Virtually Falling in Love

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Virtually Falling in Love Images courtesy of Voltage, Inc.

Breaking the Glass Ceiling in Virtual Reality

Women Around the World Are Virtually Falling in Love with Voltage Inc.'s Japanese Romance Apps

While considered new to the United States’ app market, user-generated romantic storytelling apps have had a solid place in Japan’s mobile entertainment industry for over 15 years. Since its founding in 1999, Voltage Inc. has been the leading pioneer in the market for online drama and romantic storytelling. With user generated storytelling apps, such as My Forged Wedding and Be My Princess, aimed at a dominantly female audience created by a primarily female workforce, Voltage consistently ranks first in the entertainment category of app stores not only in Japan, but also 48 other countries including the United States. In addition to creating multiple award-winning romantic simulation games, Voltage has succeeded in cooperating with new communication platforms such as LINE, proving it can adapt to new technologies. In 2012, Voltage opened its first U.S. brand, bringing the Japanese virtual reality romance apps straight to a growing fan base. Tokyo Journal’s Executive Editor Anthony Al-Jamie met with Voltage CEO Yuji Tsutani to talk about the business’ success with female-oriented user games and the challenges of expanding into the U.S. market.

TJ: What has been driving the success of your business since 1999?
TSUTANI: We are focusing on story-based content because I learned filmmaking at UCLA's film school. Others in Japan are focused on battle games, casual games and puzzle games. They target mainly males. We started a story-type game and targeted both males and females. With male-centric games, we couldn't be a success because our competitors are bigger. So four years later, I shifted to focus only on female characters, and then I focused on romance. Our focus gives us a competitive edge. And now we're on smartphones, and a lot of women are able to be casual gamers on smartphones. Modern-day working women have a lot of stress, and this is one way for them to relieve that.

TJ: How have you applied your filmmaking background to this?
TSUTANI: I think our imagery is very film-like. 2D artists think of that surfaces, whereas filmmakers have to think about depth and perception, i.e. three-dimensional spaces. So regular 2D artists just line up characters, but in lm you have to think about placement. I’m creating a scene, a moment. These guys are inviting the female users, seducing them. Also, the storymaking is a three-act style, the same as in film.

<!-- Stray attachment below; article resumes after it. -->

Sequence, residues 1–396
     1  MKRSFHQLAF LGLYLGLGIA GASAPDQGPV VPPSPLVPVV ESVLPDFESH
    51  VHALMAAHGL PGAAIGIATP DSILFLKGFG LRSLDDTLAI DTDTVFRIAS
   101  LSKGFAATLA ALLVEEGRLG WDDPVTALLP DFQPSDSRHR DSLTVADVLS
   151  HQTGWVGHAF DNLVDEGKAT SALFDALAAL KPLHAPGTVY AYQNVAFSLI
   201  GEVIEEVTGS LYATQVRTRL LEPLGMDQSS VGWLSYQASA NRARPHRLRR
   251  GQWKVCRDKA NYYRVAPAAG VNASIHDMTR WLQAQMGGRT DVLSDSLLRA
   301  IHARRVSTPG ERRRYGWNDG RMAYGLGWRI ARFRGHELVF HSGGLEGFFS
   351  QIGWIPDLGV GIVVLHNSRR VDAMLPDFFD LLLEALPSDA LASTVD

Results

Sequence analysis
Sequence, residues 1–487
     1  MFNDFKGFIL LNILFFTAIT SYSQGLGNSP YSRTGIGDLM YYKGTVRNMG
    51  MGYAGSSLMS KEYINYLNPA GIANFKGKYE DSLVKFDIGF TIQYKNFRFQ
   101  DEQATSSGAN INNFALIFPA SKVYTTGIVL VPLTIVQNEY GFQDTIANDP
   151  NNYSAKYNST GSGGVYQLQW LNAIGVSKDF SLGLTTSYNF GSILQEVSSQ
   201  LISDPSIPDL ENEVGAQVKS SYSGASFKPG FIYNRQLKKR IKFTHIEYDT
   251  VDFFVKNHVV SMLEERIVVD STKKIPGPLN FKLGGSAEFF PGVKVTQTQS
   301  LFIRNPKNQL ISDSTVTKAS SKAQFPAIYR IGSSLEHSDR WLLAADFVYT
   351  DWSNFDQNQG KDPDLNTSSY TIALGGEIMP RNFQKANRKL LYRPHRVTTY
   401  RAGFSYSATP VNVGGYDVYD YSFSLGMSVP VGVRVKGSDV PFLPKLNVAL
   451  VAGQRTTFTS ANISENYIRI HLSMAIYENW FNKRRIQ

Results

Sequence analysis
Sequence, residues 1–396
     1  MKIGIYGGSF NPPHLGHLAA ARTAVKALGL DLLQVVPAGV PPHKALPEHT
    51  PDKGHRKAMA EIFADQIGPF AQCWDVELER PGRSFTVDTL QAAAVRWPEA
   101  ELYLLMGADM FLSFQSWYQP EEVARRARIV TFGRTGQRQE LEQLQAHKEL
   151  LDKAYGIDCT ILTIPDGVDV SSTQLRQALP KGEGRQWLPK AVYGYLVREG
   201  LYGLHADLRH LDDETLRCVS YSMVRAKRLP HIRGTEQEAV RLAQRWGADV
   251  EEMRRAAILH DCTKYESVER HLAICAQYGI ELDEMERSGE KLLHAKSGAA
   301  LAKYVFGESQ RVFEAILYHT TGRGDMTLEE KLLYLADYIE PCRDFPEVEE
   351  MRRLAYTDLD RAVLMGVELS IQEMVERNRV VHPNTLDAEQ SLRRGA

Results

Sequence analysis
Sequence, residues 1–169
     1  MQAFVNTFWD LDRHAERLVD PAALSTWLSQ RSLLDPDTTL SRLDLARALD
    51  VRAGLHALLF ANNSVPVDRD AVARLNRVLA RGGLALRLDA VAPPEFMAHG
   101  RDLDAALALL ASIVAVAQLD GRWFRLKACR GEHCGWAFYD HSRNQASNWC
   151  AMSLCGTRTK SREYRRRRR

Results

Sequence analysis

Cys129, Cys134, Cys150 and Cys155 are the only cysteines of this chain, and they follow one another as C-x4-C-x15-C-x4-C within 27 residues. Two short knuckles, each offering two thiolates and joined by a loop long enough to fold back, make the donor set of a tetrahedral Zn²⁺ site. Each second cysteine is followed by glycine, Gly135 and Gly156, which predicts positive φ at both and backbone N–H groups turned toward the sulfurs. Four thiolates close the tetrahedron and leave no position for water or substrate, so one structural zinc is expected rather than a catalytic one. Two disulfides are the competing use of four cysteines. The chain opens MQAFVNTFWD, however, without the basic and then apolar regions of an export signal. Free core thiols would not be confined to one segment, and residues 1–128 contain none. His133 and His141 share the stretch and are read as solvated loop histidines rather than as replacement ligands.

TJ: What makes it work so well for the users?
TSUTANI: In Japan, there aren’t many companies making content specifically for women. They’re targeting males. Actually, many companies hire male employees ... and males [typically] make games about males. It’s natural. But we hire many females. In 1985, the laws changed so that women could work the same as men, but before that they could only work as assistants. In 1999, when we started our company, many more women started to work. And recently there has been a shift where women not only enter, but stay in the workforce. It has changed a lot.

TJ: What are your thoughts on female employees?
TSUTANI: I think they’re very happy. In Japan, there are many young ladies who can’t get into companies. Even if they do, there is a glass ceiling. So, some smart girls decided to join startup companies like us. That improves our business. The same thing happened in the U.S. I think we were a very small company [in the U.S.] — only 30 people, but in Japan we have 500 people, and small companies can’t hire good employees usually. But as we have a Japanese anime and manga background, it attracted good staff. It’s all a bunch of people who are passionate about what they do, and it makes our office unique.

TJ: I understand you’re an architect and you also studied engineering at Tokyo University. Does your background in architecture and engineering help you with Voltage?
TSUTANI: Yes. How to come up with ideas is very important. After I get a good idea, I have to make it happen. I have to create a complete building, or a game. So I have to handle many specializations — similar to architecture.

TJ: I understand that in your games users are able to make decisions that affect the outcome of the story. How many possible endings are there?
TSUTANI: About 10 endings.

TJ: Are you worried about increasing your customers in the U.S.?
TSUTANI: Of course. In Japan, it took 15 years to get 50 million users, and we’ve pretty much gotten all the users we can. So we came to the U.S. three years ago. However, in Japan it’s a more modest culture in regards to women, and in the U.S. it is different, so we have to change the characters. We have to make the female characters stronger. tj

The complete article can be found in Issue #278 of the Tokyo Journal. Click here to order from Amazon.

Written By:

Anthony Al-Jamie

Anthony Al-Jamie lived and worked in Japan for over 20 years. His in-depth understanding of Japanese language and culture has allowed him to carry out interviews with many of the most renowned individuals in Japan. He first began writing for the Tokyo Journal in the 1990s as Education Editor, later he was promoted to Senior Editor, and eventually International Editor and Executive Editor. He currently serves the Tokyo Journal as Editor-in-Chief.


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